Hero Home Depot Employee Fired for Stopping Apparent Kidnapping
Home Depot Employee, Dillon Reagan, Fired For Helping Police Stop Apparent Kidnapping
Portland, OR – Dillon Reagan was fired from his job at Home Depot after assisting police to stop an apparent kidnapping in progress, according to AJC.
Dillon Reagan had worked at the Home Depot store in Portland for the past four years. On May 12, he was finishing his shift in the tool rental department when a co-worker called for help because there was an altercation in the parking lot.
“What I see is some lady screaming frantically, ‘Somebody help me, he’s stealing my kid, he’s kidnapping my kid’ tears running down her face,” he told WNCN.
Reagan called 911 and the dispatcher asked him to keep an eye on the man and report back so that police could stop him. The Home Depot employee followed the man on foot off of the Home Depot property until police arrived to stop the suspect.
After police stopped the suspect, Reagan gave a brief statement and he estimates that he was gone for 10 minutes.
Even though the woman had told him that it was a kidnapping, the incident actually turned out to be a domestic dispute which ended with the male walking away with their child.
After Reagan returned to work, his manager told him that he broke store policy for leaving the property while he was working. After multiple meetings with his manager, he was fired four weeks later.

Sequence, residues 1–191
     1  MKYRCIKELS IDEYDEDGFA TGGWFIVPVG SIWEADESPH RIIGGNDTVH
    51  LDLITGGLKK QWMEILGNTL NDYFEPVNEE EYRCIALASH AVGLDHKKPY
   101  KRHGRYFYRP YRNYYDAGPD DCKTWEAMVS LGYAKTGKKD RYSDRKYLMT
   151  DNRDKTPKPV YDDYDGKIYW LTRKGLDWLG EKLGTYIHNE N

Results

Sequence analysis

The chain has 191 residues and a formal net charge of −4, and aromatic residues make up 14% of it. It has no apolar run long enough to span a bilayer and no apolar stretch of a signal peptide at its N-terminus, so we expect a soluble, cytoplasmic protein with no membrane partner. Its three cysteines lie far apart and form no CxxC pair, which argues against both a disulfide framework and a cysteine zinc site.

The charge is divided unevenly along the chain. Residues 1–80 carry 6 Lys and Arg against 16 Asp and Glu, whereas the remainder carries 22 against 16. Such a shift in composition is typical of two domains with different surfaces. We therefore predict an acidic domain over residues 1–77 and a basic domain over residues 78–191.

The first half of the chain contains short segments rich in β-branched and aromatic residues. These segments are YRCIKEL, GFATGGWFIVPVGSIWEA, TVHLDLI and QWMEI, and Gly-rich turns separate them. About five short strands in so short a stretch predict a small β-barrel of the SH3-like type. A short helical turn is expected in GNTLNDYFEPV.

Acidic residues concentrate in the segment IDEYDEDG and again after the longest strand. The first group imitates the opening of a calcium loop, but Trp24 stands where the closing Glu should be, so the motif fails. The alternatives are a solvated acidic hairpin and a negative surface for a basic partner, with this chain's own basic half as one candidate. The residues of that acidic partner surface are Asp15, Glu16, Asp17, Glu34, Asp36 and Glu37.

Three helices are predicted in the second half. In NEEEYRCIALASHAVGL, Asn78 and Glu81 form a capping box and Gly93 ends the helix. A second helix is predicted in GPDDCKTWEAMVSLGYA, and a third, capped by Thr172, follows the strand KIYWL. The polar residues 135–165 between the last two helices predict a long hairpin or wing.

“He said, ‘You did the wrong thing. You should have just gone back to work,’” Reagan told AJC.
After he was fired, Reagan filed for unemployment benefits, and a letter from the unemployment office stated that he qualified for benefits because, “You were fired because you assisted the police in preventing a kidnapping. This was not a willful or wantonly negligent violation of the standards of behavior an employer has the right to expect of an employee.”
Dillon Reagan then went to the media. Just hours after being contacted by multiple news outlets, Home Depot issued the following statement:
“We took a second look at this and have let Mr. Reagan know that we’ve decided to reverse our decision, based on the circumstances. We always do our diligence to make sure associates are treated fairly, which we’ve done in this case.”
However, Reagan says that he has lost all interest in working for managers who would make such an awful decision.
“We should be doing the right thing regardless of what company policy is, regardless of what the consequence is,” Reagan said. “What’s good and what’s right, supersedes what’s policy and what’s orders. Hands down.”